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IR35 for Dummies

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  • Kaysi is a specialist in commercial field sales with a focus on payroll and accountancy and B2B sales.

It’s hard to go on Linkedin these days without seeing articles, posts, blogs, polls, arguments (!) about IR35. I’ll be honest, when I started in recruitment I had never heard of IR35…and why would I? But now, it is a crucial part of my life and is usually the foundation of most conversations I have with clients and candidates alike.


So why is it such a big deal?

First of all, this only applies to workers who are set up as a Personal Service Company (PSC). It does not apply to umbrella, direct employees or self-employed sole traders.

IR35 is not a new piece of legislation. It has actually been around since 2000 to try and combat what is now being termed as ‘disguised employment”. Basically, it has been known for some individuals and employers to agree to be paid via a Ltd Company, when they are actually working as a ‘normal employee’. This means that they get the benefits of lower tax and the employer doesn’t have to offer the usual employee benefits or pay the usual NI contributions. In 2015, however, HMRC decided that IR35 was ineffective and that “non-compliance with the legislation is widespread”, resulting in a 2016 Budget proposal to shift responsibility for tax status determination to the end client, in the hope of improving compliance. In April 2017, instead of contractors determining their own IR35 status, the government shifted this responsibility onto public sector organisations. In April 2020, this will be extended into the Private Sector and the responsibility will be placed onto the end users rather than the contractor.


In or Out?

A contractor’s IR35 status is determined by the following criteria. To be seen as ‘inside IR35’, the following 3 factors must be present:

  • Mutuality of obligation: Does the company have an obligation to pay the contractor and does the contractor have an obligation to work for the company?
  • Personal Service: Does it have to be the specific person who carries out the work or can a substitute be provided?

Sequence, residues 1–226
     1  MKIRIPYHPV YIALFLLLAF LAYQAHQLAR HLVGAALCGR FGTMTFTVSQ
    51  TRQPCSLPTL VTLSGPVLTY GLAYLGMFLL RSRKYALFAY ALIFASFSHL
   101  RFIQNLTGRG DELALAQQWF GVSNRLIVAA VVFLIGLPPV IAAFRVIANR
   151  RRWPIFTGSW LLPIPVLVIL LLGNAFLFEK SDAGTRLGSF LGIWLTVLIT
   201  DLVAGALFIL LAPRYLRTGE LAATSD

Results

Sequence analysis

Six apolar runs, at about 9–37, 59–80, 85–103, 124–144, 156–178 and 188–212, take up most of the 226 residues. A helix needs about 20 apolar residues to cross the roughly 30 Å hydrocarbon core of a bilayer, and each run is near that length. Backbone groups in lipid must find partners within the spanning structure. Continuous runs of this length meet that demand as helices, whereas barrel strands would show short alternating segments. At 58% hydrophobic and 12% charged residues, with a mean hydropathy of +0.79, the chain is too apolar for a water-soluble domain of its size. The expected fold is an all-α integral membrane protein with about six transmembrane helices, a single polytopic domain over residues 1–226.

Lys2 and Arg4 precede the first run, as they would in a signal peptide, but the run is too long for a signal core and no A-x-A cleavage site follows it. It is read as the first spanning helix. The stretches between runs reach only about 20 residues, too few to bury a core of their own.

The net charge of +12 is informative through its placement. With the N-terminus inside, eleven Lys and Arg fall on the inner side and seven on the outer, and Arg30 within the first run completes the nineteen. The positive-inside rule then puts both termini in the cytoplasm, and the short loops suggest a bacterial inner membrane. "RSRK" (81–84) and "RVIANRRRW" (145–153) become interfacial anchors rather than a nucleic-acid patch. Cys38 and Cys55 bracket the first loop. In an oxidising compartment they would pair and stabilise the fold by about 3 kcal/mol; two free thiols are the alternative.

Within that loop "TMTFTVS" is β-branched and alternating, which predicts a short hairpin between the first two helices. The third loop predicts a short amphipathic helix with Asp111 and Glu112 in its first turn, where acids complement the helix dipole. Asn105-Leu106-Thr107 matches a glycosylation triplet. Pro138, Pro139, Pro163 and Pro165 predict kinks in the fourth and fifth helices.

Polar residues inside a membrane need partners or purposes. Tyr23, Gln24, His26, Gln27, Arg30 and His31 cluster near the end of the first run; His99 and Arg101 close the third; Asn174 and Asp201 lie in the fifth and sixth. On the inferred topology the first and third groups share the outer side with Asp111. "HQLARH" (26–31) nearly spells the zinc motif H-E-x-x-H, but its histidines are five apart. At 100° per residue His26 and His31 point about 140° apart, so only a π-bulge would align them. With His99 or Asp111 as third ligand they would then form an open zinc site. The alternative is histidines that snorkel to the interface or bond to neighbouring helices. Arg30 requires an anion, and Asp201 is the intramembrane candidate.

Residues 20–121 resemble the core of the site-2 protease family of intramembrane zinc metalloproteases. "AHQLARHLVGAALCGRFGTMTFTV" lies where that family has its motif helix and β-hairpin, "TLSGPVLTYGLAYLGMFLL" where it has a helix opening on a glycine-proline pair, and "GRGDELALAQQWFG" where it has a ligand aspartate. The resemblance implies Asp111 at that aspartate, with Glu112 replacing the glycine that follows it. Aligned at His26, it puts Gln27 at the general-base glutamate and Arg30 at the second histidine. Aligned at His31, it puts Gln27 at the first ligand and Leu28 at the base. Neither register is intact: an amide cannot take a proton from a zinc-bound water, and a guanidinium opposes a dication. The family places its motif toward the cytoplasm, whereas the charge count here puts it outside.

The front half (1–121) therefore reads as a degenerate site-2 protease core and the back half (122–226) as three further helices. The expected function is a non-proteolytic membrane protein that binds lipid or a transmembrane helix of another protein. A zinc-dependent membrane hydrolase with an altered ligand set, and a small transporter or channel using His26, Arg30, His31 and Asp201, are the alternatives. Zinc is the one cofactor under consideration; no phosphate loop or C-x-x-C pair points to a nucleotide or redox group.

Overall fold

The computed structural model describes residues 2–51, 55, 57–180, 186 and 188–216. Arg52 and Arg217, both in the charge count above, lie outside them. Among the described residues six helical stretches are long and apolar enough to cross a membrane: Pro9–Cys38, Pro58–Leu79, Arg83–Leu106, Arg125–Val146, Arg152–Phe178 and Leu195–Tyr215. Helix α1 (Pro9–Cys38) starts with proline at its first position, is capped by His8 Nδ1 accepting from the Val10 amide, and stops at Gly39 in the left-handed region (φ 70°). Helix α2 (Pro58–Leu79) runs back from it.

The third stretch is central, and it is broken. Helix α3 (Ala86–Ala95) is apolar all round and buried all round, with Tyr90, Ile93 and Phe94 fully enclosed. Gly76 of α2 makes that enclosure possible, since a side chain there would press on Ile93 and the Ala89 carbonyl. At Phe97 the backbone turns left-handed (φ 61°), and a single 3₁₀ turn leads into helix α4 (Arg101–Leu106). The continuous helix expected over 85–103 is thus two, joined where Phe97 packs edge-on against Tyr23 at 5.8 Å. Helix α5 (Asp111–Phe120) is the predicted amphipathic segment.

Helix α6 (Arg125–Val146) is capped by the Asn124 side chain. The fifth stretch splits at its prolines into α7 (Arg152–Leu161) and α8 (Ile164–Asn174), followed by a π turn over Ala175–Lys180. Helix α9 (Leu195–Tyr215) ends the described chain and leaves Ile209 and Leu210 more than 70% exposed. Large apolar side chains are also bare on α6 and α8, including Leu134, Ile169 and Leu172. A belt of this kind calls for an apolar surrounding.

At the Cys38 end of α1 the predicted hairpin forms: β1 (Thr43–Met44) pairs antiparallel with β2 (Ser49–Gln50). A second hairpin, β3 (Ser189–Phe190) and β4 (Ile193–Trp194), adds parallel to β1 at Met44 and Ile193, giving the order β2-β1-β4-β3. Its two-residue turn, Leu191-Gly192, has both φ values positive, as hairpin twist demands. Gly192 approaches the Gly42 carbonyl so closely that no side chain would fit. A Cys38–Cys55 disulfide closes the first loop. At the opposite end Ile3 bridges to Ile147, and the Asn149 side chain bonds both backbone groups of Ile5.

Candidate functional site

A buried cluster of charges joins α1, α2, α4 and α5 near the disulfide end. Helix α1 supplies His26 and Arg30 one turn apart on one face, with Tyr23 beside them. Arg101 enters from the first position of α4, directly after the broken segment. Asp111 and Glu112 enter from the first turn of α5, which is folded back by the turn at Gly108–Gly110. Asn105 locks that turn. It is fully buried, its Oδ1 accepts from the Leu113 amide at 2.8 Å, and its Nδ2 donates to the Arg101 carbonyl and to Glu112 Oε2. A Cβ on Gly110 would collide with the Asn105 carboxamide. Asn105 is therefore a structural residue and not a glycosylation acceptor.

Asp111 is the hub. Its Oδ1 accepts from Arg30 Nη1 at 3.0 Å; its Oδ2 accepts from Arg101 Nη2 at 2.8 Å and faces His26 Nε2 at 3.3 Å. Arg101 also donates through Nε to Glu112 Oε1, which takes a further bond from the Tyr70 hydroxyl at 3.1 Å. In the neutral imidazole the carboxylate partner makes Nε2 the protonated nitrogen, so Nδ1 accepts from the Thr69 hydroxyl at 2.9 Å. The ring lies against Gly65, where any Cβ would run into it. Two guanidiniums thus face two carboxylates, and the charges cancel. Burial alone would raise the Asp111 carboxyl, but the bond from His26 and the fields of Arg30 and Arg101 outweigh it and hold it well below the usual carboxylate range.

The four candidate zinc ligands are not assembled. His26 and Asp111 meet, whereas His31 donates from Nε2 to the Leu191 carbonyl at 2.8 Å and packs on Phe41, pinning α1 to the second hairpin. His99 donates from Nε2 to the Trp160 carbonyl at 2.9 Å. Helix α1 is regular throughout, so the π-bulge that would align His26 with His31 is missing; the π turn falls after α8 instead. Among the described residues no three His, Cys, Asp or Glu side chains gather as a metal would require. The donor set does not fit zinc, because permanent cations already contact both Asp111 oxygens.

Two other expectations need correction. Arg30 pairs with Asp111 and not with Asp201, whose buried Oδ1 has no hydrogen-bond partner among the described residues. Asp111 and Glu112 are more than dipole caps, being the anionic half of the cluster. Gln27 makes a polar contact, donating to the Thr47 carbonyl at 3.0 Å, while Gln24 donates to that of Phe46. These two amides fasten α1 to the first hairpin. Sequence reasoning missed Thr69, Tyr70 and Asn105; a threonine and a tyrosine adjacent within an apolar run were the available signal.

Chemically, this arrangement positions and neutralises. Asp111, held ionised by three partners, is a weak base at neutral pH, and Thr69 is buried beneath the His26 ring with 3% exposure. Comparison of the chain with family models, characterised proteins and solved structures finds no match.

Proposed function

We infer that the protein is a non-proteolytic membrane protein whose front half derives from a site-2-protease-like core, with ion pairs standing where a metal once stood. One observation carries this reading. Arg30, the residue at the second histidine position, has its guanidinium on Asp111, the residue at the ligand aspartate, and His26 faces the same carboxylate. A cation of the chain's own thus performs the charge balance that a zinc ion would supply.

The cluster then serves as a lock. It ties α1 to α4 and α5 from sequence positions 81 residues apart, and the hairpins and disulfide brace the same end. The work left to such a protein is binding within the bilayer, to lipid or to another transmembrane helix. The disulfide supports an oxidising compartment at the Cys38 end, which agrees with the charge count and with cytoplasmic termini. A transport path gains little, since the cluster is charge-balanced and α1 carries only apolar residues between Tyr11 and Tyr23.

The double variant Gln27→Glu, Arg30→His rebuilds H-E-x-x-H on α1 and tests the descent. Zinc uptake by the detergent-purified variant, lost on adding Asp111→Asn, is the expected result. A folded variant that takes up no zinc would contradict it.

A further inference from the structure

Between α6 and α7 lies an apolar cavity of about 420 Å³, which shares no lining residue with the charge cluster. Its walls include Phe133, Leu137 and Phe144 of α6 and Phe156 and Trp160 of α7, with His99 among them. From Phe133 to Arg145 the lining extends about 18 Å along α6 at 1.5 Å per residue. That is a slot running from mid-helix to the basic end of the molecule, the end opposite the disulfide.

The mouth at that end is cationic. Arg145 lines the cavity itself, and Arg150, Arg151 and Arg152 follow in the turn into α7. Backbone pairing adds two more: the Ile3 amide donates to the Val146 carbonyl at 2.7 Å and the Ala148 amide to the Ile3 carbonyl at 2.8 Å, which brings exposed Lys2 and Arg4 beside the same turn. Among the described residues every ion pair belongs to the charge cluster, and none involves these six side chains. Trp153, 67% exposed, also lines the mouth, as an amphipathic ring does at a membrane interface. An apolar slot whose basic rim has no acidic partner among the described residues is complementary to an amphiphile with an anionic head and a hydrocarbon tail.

• Control: Is there a Master Servant relationship?

 

HMRC developed the Check Employment Status for Tax (CEST) tool to help businesses and workers determine their IR35 status, however, 38% of public bodies used HMRC’s CEST tool as a source of information for determining IR35 status and, of these, 22% said that the tool was either “not very helpful” or “not at all helpful.

These changes are already making waves within sectors such as the financial market with corporations such as Barclays, GlaxoSmithKline, HSBC and Morgan Stanley rumoured to be refusing to hire contractors on an “off-payroll” basis, some with a “Go Perm or Go Home” approach. This comes as businesses want to avoid having to assess the IR35 status of contractors under the new rules. This means there will now be more competition for fewer contract roles. In recent surveys, 58% of companies said that they would consider similar approaches.

Although there is a lot of talk surrounding the looming April 2020 changes, nobody really knows for certain the effect that there will be on the market and the economy. From a personal perspective, I have seen an obvious shift in candidates preparing for the changes and trying to ensure that they are working within a business who has the knowledge and capability to be able to provide high level service in a compliant manner. It seems to be increasingly important to candidates that their employers are fully prepared and equipped to face the changes in April.

In terms of my clients, it has become apparent that the ones who are attracting the top talent are the ones who can not only offer healthy salaries, earning potential and progression, but the companies who can assure their potential hires that they have a solid strategy to face these changes.

 

I’m not being sarcastic when I say….there’s never a dull moment in Payroll!

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